was used rather than 650 C, and a 2-h oxidation
period was used rather than 1 h. A Bartington
Archaeol. Prospect. 13, 207–227 (2006)
Thermally Activated Mineralogical Transformations in Hearths
213
Figure 5. A comparison of susceptibility values from five archaeological sites before and after experimental heating.
MS2 AC susceptibility meter was used to measure the low frequency (0.46 kHz) magnetic susceptibility after the experimental heating. The
results of the conversion study are presented in
Figure 5. Susceptibility enhancements were
observed in four of the five samples subjected
to the study. Enhancements ranged from 2 to
63 times the initial susceptibility values. The
largest enhancement occurred in the sample
with the lowest initial susceptibility (31CD218),
whereas the smallest enhancement occurred in
the sample with the highest initial susceptibility
(LA106780). Soil Sample A was atypical in that
the final susceptibility was approximately 66%
lower than the initial susceptibility.
Initial susceptibility values suggest that unheated soil from the West Bluff Project Area
has a relatively high concentration of magnetic
minerals (Figure 5). A Day plot (Figure 6) of soil
samples from five archaeological sites suggests
that the ferrimagnetic mineral grain size of
Sample A falls within the multidomain (MD) or
Figure 6. A comparison of the domain states of soil samples from five archaeological sites.
Copyright # 2006 John Wiley & Sons, Ltd.
Archaeol. Prospect. 13, 207–227 (2006)
D. Maki, J. A. Homburg and S. D. Brosowske
214
superparamagnetic (SPM) range, whereas the
remaining four sites were all pseudosingledomain (PSD) (Day et al., 1977).
The frequency dependence of susceptibility
(fd% ¼ [(0.46 kHz 4.60 kHz)/0.46 kHz] 100) of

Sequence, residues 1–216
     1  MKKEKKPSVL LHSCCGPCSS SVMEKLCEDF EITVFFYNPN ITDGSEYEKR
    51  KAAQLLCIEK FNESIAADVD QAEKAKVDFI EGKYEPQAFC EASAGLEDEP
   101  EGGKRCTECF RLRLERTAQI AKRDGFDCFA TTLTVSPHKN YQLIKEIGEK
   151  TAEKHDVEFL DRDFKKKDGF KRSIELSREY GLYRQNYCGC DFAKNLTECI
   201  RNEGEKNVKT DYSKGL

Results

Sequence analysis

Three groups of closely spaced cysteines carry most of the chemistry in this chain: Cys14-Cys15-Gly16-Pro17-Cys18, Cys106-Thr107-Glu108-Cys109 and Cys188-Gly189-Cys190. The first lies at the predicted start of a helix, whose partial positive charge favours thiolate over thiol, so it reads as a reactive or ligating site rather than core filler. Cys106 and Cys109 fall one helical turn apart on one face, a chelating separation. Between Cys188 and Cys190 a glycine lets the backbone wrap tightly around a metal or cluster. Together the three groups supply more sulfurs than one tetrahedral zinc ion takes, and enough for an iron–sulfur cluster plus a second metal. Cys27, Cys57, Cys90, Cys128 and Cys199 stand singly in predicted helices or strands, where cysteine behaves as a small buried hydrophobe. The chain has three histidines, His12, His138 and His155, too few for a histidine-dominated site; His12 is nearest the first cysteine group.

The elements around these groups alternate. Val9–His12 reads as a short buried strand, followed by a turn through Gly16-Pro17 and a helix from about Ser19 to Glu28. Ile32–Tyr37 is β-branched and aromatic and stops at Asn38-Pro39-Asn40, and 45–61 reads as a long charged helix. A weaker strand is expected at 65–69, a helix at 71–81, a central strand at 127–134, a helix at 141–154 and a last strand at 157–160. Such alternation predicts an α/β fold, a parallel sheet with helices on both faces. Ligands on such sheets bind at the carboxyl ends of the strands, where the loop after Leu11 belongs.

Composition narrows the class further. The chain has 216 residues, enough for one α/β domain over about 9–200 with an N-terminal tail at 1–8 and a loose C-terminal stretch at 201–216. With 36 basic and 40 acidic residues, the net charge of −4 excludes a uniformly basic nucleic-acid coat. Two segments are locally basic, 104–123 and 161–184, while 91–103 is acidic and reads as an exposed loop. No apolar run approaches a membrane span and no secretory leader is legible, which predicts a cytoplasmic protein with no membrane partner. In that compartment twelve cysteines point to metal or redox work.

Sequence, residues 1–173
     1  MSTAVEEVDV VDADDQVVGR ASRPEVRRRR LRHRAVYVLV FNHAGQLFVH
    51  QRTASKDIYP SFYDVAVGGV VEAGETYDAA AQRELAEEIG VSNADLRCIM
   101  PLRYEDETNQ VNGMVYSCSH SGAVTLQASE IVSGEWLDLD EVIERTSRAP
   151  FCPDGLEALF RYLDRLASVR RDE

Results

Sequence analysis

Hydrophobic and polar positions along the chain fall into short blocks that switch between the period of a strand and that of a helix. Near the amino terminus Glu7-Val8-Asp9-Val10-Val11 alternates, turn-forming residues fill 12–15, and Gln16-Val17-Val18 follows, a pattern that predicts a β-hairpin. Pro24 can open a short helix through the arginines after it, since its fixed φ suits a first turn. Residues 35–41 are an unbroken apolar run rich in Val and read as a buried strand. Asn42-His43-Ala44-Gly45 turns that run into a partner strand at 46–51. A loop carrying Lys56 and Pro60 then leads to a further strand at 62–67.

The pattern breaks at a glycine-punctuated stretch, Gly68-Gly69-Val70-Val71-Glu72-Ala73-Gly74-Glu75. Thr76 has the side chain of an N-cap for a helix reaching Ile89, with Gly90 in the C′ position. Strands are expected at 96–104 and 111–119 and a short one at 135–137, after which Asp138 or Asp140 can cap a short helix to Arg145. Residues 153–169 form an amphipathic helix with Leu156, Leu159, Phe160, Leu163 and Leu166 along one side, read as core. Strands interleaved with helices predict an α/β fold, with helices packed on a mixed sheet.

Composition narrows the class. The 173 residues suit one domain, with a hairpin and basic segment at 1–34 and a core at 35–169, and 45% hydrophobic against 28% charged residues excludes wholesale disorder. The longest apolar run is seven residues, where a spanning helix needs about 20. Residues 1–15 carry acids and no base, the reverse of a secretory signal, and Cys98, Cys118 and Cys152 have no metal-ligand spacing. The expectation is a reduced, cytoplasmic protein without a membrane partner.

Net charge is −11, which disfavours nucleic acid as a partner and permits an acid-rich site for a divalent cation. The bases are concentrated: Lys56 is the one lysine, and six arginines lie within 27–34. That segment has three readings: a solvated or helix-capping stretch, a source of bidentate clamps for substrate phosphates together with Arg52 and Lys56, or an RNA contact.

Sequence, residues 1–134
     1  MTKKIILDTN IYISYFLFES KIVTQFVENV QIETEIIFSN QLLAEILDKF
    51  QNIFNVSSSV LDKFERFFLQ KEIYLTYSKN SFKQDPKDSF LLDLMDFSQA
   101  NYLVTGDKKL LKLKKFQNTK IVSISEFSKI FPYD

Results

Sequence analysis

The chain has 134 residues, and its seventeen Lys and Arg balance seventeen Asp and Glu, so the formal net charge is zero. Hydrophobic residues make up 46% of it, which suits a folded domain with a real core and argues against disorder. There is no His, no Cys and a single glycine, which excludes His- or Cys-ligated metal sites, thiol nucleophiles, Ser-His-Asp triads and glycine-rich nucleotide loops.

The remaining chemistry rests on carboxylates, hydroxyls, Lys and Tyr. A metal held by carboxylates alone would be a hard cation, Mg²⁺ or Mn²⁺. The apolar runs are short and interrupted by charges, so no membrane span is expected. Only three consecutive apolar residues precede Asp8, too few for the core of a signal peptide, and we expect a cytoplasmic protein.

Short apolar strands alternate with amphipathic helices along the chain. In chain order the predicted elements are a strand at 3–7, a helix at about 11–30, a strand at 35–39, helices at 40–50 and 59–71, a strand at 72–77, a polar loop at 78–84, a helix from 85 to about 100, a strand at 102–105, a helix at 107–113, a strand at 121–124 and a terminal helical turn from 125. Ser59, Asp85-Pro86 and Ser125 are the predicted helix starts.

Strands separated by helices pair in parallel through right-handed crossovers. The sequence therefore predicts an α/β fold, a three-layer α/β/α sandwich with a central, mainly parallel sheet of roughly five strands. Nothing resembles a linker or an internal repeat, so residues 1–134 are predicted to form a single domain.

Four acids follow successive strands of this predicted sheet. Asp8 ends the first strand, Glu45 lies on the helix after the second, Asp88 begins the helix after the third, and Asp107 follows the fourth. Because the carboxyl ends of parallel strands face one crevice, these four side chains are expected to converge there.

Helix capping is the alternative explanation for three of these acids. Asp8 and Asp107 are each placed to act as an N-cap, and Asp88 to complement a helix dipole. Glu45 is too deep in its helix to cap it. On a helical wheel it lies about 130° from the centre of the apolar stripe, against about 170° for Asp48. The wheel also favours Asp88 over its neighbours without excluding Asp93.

Sample A was measured using a Bartington
MS2 susceptibility meter in an effort to learn
whether SPM grain sizes might be present. A
relatively low average frequency dependence of
susceptibility of 1.48% (n ¼ 10) suggests that SPM
grains are probably not present and that MD
grains are predominant.
To investigate the reduction in susceptibility
observed in Sample A further, some bulk magnetic properties of the sample were measured as
a function of time spent at 650 C. Variations in
the magnetic mineral concentration and composition with time spent at this isotherm were
tracked by making room temperature measurements of the mass magnetic susceptibility (at
0.46 kHz) and a backfield parameter termed the
S-ratio at regular intervals between exposures to
high temperature.
A detailed description of these properties and
their relevance to environmental magnetism can
be found elsewhere and is beyond the scope of
this paper (Maher, 1986; Thompson and Oldfield,
1986; Hunt, 1991; Dunlop and Ozdemir, 1997;
Evans and Heller, 2003). A brief description of
these parameters, as well as the parameters presented in Figure 4, is provided below.
(i)
Mass magnetic susceptibility () is the ratio
of magnetization induced by a small applied
field to the intensity of the magnetizing
field. Susceptibility is roughly proportional